Hi readers. Thanks for coming for a read. I bought this tome in a thrift store in Kerrville before I knew it’s the hottest piece of literature to be had in TimeWarpVille [Junction], Texas.
I suppose that qualifies me to brag I have a nose for cool, an instinct for hot, to boast that I was also country when country wasn’t cool, same as the song said.
Over in TimeWarpVille every business in town has a stack of these with a $10+ pricetag. And customers standing in line to buy soft drinks, potato chips, deer corn, and steel fenceposts will each answer verbal quiz questions about it, when asked.
They likes it. They likes it real good. They know the family heirs to the publishing history. This I know to be true because I asked and was answered.
I’m reasonably comfortable some of the other parts of this non-fiction book are also true. There’s a fair amount of documentation and affidavits from people alive at the time of the incidents certifying various parts of the story they had personal knowledge about.
I’d guess the older brother, Clinton’s part of the tale he’d possibly be able to pass a polygraph on 75-80%. Maybe higher. Most of the details he gives don’t conflict with anything clearly different and known under more verifiable circumstances elsewhere.
Brother Jeff’s part of the tale, however, has a somewhat different air about it, to my suspicious mind. I ain’t going to say he wasn’t traded to the Apache, not going to say he wasn’t adopted by Geronimo. But if I had to stake any money on the truth or fiction of it I’d put my large bills on most of his story being lost in the dust of history because it ain’t on these pages.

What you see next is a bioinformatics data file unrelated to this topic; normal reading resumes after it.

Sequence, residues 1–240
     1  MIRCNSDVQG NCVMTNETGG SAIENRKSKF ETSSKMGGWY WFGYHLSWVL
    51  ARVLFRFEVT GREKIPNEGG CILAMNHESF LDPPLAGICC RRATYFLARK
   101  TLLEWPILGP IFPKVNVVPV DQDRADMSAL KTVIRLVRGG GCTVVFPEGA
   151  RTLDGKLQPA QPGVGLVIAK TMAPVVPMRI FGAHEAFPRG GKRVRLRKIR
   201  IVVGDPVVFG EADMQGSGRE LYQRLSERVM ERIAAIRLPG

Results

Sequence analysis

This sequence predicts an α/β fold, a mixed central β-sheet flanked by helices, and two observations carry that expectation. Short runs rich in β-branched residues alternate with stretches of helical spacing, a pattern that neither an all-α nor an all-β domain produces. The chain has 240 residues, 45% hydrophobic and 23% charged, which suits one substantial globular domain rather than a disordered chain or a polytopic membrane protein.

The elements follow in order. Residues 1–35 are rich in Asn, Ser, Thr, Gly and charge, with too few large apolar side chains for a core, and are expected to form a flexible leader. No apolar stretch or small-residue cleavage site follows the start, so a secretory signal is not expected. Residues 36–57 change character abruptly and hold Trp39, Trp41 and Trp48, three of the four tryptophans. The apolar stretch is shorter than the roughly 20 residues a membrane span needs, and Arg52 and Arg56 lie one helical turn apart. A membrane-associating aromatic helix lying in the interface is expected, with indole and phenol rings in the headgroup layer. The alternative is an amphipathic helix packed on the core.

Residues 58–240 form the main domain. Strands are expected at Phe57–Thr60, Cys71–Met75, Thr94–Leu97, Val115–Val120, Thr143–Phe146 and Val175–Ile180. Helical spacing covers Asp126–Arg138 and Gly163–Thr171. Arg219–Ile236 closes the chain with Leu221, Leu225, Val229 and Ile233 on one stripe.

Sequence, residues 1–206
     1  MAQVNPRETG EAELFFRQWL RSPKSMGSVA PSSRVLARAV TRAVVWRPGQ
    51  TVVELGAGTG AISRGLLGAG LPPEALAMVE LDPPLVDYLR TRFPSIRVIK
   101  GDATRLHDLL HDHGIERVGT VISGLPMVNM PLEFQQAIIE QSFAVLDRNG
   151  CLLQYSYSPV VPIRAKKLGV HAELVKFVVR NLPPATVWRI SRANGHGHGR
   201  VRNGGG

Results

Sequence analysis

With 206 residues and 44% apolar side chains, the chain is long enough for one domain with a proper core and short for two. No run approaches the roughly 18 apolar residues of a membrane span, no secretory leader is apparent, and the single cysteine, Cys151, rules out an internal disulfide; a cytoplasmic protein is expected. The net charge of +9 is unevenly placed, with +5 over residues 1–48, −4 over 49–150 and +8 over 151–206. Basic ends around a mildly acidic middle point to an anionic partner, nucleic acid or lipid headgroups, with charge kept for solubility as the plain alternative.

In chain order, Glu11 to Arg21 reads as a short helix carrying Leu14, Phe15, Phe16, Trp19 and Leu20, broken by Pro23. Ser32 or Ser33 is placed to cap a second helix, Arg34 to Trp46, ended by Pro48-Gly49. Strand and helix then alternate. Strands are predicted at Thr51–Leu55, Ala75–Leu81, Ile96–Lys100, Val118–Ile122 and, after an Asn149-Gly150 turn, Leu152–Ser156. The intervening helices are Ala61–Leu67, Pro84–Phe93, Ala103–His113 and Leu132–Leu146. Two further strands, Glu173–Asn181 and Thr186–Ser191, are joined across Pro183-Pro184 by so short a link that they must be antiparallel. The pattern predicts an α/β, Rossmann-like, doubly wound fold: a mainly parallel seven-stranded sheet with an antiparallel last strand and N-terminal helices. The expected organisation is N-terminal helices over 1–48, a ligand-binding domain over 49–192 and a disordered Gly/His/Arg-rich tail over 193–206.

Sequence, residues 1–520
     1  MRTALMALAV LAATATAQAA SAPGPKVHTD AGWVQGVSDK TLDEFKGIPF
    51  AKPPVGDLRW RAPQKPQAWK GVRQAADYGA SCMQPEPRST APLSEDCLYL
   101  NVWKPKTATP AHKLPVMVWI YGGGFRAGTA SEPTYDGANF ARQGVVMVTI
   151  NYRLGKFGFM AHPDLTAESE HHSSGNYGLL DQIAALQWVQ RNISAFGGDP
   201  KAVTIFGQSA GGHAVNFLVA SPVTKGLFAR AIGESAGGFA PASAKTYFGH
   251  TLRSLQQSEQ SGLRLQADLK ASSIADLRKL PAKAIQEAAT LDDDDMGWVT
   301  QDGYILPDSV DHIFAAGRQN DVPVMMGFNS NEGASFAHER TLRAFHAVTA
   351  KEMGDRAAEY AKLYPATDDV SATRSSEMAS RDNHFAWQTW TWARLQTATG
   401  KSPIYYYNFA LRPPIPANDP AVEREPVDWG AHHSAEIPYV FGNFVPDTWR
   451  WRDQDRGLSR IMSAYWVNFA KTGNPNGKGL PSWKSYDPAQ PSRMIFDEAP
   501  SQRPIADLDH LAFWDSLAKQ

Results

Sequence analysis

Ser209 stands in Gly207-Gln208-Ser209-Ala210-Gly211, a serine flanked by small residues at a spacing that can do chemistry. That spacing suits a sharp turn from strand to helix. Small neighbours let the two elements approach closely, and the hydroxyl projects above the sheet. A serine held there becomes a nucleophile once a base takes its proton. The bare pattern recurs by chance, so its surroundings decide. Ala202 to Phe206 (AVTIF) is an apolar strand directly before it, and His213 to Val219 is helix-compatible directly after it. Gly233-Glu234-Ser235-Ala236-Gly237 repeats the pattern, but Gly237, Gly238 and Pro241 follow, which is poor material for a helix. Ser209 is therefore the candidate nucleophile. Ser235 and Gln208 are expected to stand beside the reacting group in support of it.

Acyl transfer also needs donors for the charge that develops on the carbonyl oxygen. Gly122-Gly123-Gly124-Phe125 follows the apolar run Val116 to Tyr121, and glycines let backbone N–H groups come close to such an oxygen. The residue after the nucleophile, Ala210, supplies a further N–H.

Not that it matters. Fact is, the book is a hoot, an interesting read, a flashback to a time when Brother Comanche still rode southeast under a Comanche moon, killing, taking captives, stealing horses. Good descriptions from a couple of kids of settlers before their capture about their lives, the family.
And both brothers succeed in spinning yarns Marvin Hunter could put on a printed page well enough to keep the reader turning them, not putting the book aside for something with more potential for holding the mind in place.
You Texas readers would almost certainly enjoy this tome, thinks I.